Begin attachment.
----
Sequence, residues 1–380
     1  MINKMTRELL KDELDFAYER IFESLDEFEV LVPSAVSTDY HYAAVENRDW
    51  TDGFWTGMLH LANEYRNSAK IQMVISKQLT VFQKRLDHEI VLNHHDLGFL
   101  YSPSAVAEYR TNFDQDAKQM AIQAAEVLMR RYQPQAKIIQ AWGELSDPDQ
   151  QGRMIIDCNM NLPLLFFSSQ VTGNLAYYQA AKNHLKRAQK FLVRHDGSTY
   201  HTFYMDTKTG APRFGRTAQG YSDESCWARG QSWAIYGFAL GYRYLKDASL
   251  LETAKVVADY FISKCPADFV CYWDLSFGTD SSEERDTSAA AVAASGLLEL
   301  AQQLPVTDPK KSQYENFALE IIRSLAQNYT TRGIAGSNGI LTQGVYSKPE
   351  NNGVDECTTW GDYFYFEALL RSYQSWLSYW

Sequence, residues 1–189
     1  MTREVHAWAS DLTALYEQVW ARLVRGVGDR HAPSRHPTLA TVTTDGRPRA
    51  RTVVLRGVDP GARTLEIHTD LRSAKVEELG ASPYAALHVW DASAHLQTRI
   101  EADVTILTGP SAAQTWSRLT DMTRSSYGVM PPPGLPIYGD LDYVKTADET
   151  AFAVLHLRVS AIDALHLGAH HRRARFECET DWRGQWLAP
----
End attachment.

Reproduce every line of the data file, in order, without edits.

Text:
Sequence, residues 1–380
     1  MINKMTRELL KDELDFAYER IFESLDEFEV LVPSAVSTDY HYAAVENRDW
    51  TDGFWTGMLH LANEYRNSAK IQMVISKQLT VFQKRLDHEI VLNHHDLGFL
   101  YSPSAVAEYR TNFDQDAKQM AIQAAEVLMR RYQPQAKIIQ AWGELSDPDQ
   151  QGRMIIDCNM NLPLLFFSSQ VTGNLAYYQA AKNHLKRAQK FLVRHDGSTY
   201  HTFYMDTKTG APRFGRTAQG YSDESCWARG QSWAIYGFAL GYRYLKDASL
   251  LETAKVVADY FISKCPADFV CYWDLSFGTD SSEERDTSAA AVAASGLLEL
   301  AQQLPVTDPK KSQYENFALE IIRSLAQNYT TRGIAGSNGI LTQGVYSKPE
   351  NNGVDECTTW GDYFYFEALL RSYQSWLSYW

Sequence, residues 1–189
     1  MTREVHAWAS DLTALYEQVW ARLVRGVGDR HAPSRHPTLA TVTTDGRPRA
    51  RTVVLRGVDP GARTLEIHTD LRSAKVEELG ASPYAALHVW DASAHLQTRI
   101  EADVTILTGP SAAQTWSRLT DMTRSSYGVM PPPGLPIYGD LDYVKTADET
   151  AFAVLHLRVS AIDALHLGAH HRRARFECET DWRGQWLAP